Motion offense is the most flexible offense in a coach's toolbox, but that flexibility only turns into production when each of the four key elements are in place. When your team has all four elements, they create an offensive attack that is more than a little difficult to stop.
Key No. 1: Good Rules Make for Good Choices
The "rules" in a motion offense are better thought of as rules-of-thumb. They're the guidelines you'll expect your team to follow to keep the overall offensive approach within your philosophy. You want to find a balance between giving your team the flexibility to adjust to the competition and the structure to stick to your approach as a coach.
Rules create this environment for your team.
You'll want to create rules for every phase of offense. You'll want your team to have a rule of thumb for the number of reversals, when to dribble, cutting options, and more.
These rules help guide your players' decision-making when they're on the court. Rules such as:
- Don't stand for more than two seconds
- If the ball is dribbled, you go backdoor
- Every fourth pass must be to the post
- Dribble penetrate only after the second ball rotation
Rules like these act as guides to your players when they're on the court. As coach, your control over your team while they're on the court is minimal. These rules will be their guide when on the floor.
You will find your rules change from year to year. Each year you'll analyze your team, weigh their strengths and weaknesses, and design a new system of rules. Create rules that take advantage of their strengths and protect their weaknesses.
Key No. 2: Proper Spacing Makes for Difficult Defense
Poor spacing allows the opposing defense to help one another out when beaten. Proper spacing, on the other hand, makes this much more difficult. Helping out against a team that is properly spaced leaves offensive players open.
Fifteen feet apart is a good guide for spacing. Assigning "spots" to spaced positions allows you to get proper spacing back when, in the course of a practice; your team starts to lose its spacing. Get them to their spots and allow them to start the offense again and they'll soon build a habit of maintaining good spacing. But remember, the "spots" are simply guides or teaching tools. Don't make them hard and fast rules.
Key No. 3: Many Roles, One Team
Motion offense forces each of your team members to develop more fully than any play-based offense can. Ball handlers are forced to develop their basketball shooting, and shooters are forced to be good screeners. Any player can end up at any position on the floor, so they better be ready to play every facet of the game.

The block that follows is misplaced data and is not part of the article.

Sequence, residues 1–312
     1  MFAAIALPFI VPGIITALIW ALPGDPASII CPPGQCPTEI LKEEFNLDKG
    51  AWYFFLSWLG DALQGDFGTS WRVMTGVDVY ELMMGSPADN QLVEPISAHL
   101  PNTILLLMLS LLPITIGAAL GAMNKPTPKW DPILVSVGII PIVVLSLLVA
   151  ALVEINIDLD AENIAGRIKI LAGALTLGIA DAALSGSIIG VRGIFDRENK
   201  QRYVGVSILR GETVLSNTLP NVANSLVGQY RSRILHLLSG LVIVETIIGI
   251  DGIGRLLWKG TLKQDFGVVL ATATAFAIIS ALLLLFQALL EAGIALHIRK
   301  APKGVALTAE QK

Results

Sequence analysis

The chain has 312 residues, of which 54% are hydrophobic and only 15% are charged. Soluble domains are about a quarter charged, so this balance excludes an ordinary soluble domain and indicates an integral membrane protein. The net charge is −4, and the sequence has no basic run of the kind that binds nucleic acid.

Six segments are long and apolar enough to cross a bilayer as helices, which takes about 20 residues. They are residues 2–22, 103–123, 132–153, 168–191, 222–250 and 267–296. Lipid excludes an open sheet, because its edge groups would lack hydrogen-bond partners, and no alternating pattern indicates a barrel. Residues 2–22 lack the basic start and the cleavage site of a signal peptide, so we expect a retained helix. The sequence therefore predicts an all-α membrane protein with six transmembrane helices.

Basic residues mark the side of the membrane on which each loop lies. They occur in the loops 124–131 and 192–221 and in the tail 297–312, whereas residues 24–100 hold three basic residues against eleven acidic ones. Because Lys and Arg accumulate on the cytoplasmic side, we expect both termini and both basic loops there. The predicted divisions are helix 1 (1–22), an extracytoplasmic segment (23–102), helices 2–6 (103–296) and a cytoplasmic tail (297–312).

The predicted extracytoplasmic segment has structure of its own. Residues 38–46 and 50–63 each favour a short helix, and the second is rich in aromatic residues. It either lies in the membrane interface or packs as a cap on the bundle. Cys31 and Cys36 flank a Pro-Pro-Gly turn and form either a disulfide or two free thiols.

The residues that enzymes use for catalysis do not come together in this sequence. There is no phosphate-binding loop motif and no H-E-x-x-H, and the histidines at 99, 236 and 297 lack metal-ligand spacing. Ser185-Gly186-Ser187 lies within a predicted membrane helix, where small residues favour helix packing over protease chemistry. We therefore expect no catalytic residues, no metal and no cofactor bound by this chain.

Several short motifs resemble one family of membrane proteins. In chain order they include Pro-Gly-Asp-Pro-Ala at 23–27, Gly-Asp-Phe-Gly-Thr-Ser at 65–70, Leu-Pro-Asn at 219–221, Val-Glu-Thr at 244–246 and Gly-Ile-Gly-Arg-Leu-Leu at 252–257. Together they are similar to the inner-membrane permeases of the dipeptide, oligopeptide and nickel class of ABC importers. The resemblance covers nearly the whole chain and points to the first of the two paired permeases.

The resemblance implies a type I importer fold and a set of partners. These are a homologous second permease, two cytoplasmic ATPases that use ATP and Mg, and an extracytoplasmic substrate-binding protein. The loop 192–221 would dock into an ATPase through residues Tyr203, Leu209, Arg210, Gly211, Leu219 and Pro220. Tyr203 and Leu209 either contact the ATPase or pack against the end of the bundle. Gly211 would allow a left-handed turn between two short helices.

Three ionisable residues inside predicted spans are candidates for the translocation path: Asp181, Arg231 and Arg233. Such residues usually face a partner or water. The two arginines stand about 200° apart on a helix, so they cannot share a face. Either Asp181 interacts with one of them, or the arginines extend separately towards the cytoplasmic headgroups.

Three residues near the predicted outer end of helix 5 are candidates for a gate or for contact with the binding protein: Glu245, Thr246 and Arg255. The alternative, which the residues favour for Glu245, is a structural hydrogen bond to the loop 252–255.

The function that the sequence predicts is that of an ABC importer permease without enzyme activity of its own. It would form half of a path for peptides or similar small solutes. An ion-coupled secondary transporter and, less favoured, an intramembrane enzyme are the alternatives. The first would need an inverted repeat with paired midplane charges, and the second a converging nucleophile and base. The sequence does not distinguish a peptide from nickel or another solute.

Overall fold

On the other hand, it would be naive to say that every player will become equally good in every phase of the offense. Some will always excel at shooting; others will always be better rebounders.
Your team members must understand what their role is on the team, but they must also understand everyone else's main role on the team. A top-notch screener will need to develop his shooting, but should not be taking a shot before the ball has touched a shooters hands.
The better your team understands each other's roles, the more effective motion offense will be.
Key No. 4: Maintain Discipline at All Cost
Discipline is probably the biggest key to a successful motion offense. Your team can know the rules inside and out, they may be perfectly spaced, and they may know every role on the team as well as they know their own. But when they lose focus or get emotionally rattled to the point that they aren't keeping these first three keys on the court, things will start to get ugly.
Instill in your team a trust for the motion offense system. Make sure they realize that they must stick to the system, no matter what happened the last time they came down the court. The moment they start to doubt the system and start trying their own thing, things fall apart because the rest of the team can no longer anticipate their next move.
Develop these four keys in your team and you'll create a motion offense that is difficult, if not impossible, for opposing teams to stop.